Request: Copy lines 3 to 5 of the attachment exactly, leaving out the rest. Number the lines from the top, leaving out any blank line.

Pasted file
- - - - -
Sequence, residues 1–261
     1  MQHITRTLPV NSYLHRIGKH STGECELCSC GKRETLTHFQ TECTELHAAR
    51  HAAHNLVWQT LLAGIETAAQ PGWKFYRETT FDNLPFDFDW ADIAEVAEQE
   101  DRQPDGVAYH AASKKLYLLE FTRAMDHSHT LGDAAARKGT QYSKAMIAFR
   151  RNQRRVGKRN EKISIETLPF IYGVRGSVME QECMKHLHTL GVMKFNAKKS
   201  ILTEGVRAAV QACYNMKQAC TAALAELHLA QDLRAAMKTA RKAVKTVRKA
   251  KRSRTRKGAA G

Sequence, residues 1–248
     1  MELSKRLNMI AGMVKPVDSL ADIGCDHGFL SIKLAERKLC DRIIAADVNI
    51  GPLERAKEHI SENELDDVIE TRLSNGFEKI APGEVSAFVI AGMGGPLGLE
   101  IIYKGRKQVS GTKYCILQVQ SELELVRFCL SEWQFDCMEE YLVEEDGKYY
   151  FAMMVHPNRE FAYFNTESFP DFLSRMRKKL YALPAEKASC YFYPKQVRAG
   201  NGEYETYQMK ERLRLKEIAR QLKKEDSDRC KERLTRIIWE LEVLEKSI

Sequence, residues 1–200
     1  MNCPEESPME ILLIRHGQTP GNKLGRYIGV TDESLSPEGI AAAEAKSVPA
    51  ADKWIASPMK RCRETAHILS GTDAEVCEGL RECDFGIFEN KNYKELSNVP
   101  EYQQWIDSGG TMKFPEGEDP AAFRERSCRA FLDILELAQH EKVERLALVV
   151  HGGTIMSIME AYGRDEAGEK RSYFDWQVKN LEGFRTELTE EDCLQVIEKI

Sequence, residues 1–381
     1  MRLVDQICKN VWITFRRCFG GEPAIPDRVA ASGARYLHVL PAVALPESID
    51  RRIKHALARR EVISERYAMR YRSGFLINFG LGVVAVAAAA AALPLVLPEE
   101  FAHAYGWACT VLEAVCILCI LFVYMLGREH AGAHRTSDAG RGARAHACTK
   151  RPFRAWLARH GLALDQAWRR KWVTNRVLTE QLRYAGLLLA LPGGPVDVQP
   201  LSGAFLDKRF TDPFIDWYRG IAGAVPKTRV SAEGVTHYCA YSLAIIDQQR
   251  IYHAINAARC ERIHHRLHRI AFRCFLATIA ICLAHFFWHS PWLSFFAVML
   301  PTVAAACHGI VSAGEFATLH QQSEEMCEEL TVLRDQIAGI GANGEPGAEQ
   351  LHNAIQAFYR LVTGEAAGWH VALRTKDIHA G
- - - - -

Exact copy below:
    51  HAAHNLVWQT LLAGIETAAQ PGWKFYRETT FDNLPFDFDW ADIAEVAEQE
   101  DRQPDGVAYH AASKKLYLLE FTRAMDHSHT LGDAAARKGT QYSKAMIAFR
   151  RNQRRVGKRN EKISIETLPF IYGVRGSVME QECMKHLHTL GVMKFNAKKS